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Topics: Object-oriented programming, Class, Object-oriented analysis and design Pages: 37 (7107 words) Published: May 13, 2013
Object oriented analysis and design

Object model:
Object oriented technology is built upon a sound engineering foundation whose elements collectively called the object model. Foundations of the object model: The foundation of object model is


Object-oriented programming is a method of implementation in which programs are organized as cooperative collections of objects, each of which represents an instance of some class, and whose classes are all members of a hierarchy of classes united via inheritance relationships.

Object-oriented design is a method of design encompassing the process of object-oriented decomposition and a notation for depicting logical and physical as well as static and dynamic models of the system under design.

During object-oriented design (OOD), a developer applies implementation constraints to the conceptual model produced in object-oriented analysis. Such constraints could include not only constraints imposed by the chosen architecture but also any non-functional – technological or environmental – constraints, such as transaction throughput, response time, run-time platform, development environment, or those inherent in the programming language. Concepts in the analysis model are mapped onto implementation classes and interfaces resulting in a model of the solution domain, i.e., a detailed description of how the system is to be built.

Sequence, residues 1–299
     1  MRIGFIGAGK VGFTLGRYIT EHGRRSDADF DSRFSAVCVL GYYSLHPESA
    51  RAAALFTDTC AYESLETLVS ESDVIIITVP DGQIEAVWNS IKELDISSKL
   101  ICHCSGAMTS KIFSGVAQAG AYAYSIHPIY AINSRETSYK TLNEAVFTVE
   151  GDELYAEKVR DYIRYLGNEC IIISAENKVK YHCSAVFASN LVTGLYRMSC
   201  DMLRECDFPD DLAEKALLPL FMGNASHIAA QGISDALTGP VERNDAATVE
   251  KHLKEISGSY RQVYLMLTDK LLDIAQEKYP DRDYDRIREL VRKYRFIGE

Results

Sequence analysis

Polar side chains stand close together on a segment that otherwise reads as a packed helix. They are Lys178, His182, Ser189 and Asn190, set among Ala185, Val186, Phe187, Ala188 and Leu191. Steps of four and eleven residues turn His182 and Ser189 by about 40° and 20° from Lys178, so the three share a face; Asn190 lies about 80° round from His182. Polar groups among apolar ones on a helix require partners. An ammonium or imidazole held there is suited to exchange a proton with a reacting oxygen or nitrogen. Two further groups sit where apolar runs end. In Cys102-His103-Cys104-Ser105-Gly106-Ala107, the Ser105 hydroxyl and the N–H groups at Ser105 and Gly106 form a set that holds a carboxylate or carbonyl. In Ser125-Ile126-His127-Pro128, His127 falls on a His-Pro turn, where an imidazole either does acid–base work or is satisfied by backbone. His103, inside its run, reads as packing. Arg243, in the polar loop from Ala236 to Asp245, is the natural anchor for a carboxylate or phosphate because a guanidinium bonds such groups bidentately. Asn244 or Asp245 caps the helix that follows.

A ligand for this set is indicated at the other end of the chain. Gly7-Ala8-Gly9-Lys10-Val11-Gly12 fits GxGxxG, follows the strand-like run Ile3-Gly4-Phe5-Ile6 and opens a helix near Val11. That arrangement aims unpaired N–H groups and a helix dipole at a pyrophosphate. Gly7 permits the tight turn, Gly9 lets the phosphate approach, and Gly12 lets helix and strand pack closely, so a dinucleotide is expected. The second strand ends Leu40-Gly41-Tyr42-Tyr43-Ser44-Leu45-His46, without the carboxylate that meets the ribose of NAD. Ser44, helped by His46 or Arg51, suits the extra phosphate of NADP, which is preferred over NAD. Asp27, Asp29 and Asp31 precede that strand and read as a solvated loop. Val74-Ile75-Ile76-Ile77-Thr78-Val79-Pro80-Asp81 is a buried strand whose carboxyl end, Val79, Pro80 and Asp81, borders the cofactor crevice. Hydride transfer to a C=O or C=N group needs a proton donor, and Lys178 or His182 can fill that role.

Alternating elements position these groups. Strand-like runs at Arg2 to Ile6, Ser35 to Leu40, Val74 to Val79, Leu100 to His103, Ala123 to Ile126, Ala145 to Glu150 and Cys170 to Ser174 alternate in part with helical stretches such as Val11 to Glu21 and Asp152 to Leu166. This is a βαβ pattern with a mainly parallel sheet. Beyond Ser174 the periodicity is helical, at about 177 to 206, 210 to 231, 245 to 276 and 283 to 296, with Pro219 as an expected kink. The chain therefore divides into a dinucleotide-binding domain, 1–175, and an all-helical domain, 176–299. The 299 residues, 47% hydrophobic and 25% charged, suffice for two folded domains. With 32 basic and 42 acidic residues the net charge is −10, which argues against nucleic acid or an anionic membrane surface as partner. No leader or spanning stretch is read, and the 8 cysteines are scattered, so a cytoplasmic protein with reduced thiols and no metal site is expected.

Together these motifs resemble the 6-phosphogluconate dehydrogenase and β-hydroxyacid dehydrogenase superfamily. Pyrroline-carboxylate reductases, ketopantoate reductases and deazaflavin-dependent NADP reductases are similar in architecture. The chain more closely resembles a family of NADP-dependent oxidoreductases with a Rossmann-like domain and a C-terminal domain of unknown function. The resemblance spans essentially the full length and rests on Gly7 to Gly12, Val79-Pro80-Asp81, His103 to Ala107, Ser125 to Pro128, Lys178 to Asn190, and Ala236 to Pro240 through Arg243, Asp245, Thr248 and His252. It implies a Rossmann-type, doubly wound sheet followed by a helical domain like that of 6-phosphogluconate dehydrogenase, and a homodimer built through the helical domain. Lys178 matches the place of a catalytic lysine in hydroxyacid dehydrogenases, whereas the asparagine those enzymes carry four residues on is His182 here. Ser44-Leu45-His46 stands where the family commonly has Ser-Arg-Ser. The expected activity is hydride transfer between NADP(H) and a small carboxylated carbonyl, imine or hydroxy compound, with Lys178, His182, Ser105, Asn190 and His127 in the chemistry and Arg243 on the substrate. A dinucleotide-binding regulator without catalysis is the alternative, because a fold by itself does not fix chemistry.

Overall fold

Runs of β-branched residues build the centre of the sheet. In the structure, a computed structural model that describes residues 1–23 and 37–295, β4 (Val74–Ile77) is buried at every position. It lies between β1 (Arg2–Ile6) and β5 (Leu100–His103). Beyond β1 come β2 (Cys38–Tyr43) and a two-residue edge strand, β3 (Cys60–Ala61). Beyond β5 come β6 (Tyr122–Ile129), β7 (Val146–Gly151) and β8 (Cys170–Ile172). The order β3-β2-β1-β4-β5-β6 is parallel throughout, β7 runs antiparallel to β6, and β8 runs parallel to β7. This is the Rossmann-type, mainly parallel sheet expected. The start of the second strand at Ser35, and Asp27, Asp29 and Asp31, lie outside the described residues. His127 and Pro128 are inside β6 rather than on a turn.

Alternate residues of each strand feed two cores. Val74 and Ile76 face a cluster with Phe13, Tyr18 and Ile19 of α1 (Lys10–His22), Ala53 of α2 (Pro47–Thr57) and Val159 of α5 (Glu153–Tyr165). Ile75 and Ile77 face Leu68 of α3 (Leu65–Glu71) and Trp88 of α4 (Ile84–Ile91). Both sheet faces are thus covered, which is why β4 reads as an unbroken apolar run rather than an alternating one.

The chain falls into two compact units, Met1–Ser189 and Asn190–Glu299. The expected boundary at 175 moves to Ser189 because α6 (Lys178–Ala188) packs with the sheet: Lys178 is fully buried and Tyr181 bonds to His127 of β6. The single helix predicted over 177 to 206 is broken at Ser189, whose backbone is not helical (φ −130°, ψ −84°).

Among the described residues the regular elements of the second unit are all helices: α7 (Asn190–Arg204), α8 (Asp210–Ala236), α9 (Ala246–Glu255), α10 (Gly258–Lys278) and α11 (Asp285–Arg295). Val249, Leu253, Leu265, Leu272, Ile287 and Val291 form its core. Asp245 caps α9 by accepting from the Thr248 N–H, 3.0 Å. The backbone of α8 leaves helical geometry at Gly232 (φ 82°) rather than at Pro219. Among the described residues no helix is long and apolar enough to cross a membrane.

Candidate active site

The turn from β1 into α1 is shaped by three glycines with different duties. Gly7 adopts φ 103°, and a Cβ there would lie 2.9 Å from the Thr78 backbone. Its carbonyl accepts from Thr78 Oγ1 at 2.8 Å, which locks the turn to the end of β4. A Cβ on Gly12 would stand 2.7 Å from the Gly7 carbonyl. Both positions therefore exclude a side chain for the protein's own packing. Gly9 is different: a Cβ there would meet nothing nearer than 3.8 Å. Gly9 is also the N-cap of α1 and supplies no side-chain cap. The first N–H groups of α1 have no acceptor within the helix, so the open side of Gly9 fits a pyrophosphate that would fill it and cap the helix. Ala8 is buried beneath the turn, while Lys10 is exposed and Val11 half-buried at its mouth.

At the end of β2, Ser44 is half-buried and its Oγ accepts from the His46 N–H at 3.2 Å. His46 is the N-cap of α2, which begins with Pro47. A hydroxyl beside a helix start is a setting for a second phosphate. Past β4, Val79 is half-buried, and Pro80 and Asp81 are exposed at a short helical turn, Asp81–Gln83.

Object-oriented analysis is a method of analysis that examines requirements from the perspective of the classes and objects found in the vocabulary of the problem domain.

The use of modeling to define and analyze the requirements necessary for success of a system. Object-oriented analysis is a process that groups items that interact with one another, typically by class, data or behavior, to create a model that accurately represents the intended purpose of the system as a whole. Object-oriented analysis does not factor implementation limitations into the model. | |

Object-oriented analysis (OOA) is the process of analyzing a task (also known as a problem domain) to develop a conceptual model that can then be used to complete the task. A typical OOA model would describe computer software that could be used to satisfy a set of customer-defined requirements. During the analysis phase of problem-solving, the analyst might consider a written requirements statement, a formal vision document, or interviews with stakeholders or other interested parties. The task to be addressed might be divided into several subtasks (or domains), each representing a different business, technological, or other areas of interest. Each subtask would be analyzed separately. Implementation constraints, (e.g., concurrency, distribution, persistence, or how the system is to be built) are not considered during the analysis phase; rather, they are addressed during object-oriented design (OOD). The conceptual model that results from OOA will typically consist of a set of use cases, one or more UML class diagrams, and a number of interaction diagrams. It may also include some kind of user mock-up.

Elements of object model: Elements are divided into
• Major elements
• Minor elements

Major elements:
1. Abstraction
2. Encapsulation
3. Modularity
4. Hierarchy

Minor elements:
1. Typing
2. Concurrency
3. Persistence

Major elements:
An abstraction denotes the essential characteristics of an object that distinguish it from all other kinds of objects and thus provide a conceptual boundaries relative to the perspective of the views.

Kinds of abstraction are:
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